Word Family: Definition and Examples in English

A word family is a group of words with a common base

Word Family

ThoughtCo

A word family is a group of words with a common base to which different prefixes and suffixes are added. For example, members of the word family based on the headword, base, stem, or root word work include rework, worker, working, workshop, and workmanship, among others. Similar words are called paronyms. 

Polyptoton is the use of more than one of these words together, such as in this quote from the movie "Fight Club": "The things you own end up owning you." The repetition can serve as a dramatic effect or for emphasis in writings ranging from plays and poetry to advertising and political speeches.

Roots, Prefixes, and Suffixes

Don't plan to memorize all the word families, though. An analysis of a 1963 dictionary by scholars in 1990 found 54,000 word families. With English users creating new words all the time, it's better to know how to work with the language and its roots, prefixes, and suffixes than to attempt to memorize it all.

According to Birgit Umbreit, "[L]anguage users are able to analyze complex words and to establish synchronic relations between words both formally and semantically because they have an implicit or even explicit knowledge of word-family organization." (Birgit Umbreit, "Does Love Come From to Love or to Love From Love? Why Lexical Motivation Has to Be Regarded as Bidirectional," from "Cognitive Perspectives on Word Formation," edited by Alexander Onysko and Sascha Michel)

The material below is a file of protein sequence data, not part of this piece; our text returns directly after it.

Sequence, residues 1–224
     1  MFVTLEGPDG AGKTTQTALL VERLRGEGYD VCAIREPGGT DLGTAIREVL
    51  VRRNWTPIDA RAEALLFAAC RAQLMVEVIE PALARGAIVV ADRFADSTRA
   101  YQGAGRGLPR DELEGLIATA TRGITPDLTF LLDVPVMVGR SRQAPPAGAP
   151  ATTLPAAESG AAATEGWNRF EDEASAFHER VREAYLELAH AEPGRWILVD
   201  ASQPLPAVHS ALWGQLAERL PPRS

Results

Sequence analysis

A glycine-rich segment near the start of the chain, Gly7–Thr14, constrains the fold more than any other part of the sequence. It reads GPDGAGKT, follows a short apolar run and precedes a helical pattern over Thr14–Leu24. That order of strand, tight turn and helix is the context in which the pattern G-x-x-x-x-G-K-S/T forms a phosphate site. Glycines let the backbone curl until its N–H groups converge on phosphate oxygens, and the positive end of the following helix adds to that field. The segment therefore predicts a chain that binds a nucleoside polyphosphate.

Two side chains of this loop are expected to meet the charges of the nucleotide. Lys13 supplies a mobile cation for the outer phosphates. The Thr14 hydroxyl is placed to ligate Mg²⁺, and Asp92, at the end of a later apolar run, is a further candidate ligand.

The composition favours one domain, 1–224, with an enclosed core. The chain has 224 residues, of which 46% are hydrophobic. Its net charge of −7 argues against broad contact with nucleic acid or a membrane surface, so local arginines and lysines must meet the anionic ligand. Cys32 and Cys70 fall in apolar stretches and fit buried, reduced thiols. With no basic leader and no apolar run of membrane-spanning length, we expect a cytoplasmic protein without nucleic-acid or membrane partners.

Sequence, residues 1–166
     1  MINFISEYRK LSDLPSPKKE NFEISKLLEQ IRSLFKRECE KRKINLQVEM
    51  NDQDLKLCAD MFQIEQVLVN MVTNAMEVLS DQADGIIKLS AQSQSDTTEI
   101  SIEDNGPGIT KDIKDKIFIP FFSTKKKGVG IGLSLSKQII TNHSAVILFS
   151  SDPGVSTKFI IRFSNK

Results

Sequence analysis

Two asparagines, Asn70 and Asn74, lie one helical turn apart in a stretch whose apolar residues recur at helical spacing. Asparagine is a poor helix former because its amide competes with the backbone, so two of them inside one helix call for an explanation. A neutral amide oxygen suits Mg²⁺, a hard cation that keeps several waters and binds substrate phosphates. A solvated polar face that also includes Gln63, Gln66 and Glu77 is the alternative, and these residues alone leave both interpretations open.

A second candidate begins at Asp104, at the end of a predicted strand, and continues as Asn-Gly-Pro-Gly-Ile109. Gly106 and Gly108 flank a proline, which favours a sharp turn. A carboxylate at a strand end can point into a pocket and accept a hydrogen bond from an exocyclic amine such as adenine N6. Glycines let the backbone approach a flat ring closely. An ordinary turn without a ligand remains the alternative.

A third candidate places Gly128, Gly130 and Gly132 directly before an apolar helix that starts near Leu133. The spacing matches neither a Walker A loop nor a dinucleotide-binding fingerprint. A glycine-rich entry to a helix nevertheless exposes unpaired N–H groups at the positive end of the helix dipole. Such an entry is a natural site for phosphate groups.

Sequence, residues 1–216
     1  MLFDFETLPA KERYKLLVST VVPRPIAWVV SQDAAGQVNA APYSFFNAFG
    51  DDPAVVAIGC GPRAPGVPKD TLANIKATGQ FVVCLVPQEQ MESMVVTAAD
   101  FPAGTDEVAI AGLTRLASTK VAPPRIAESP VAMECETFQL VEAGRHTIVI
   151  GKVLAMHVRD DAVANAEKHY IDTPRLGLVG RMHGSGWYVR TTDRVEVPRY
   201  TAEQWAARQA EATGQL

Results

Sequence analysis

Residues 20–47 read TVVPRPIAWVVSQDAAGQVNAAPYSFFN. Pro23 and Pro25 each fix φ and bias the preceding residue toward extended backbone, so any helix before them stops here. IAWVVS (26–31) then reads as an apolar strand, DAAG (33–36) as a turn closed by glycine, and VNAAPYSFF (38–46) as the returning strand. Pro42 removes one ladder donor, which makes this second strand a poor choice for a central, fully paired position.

Said in a simpler way, language learners can decode many new or unfamiliar words through understanding what different prefixes and suffixes do to a root word. The technique can also help people figure out spellings of words they hear or determine the etymology of a word. Frank E. Daulton wrote, "[M]ost linguists agree that word families should be transparent, in that learning a new item related to one already known should involve a minimum of learning burden...For instance, if a learner knows govern and is familiar with the prefix mis-, then misgovern requires little if any additional learning (Goulden et al., 1990). Derivations that don't meet the transparency criteria are not included in a word family but given separate listings; for instance, business (busy)..." (Frank E. Daulton, "Japan's Built-in Lexicon of English-Based Loanwords")

Breaking Words Into Parts

The roots or stems don't have to be words on their own to make other words. For example, the root struct forms the base of more than 30 English words; it comes from a Latin word for to build and creates words such as: construction, structure, and constructive. Knowing that con- as a prefix means "with" or "together," you can see how the words construction and constructive involve the creation of something. Knowing that the prefix de- means the opposite—to reduce or remove—and that the suffix -ion indicates that a word is a noun, you can understand how the word destruction is created—or even the verb to deconstruct.

Following the same pattern, look at contract and detract; a contract is something that joins parties in agreement, while to detract means to draw away from.

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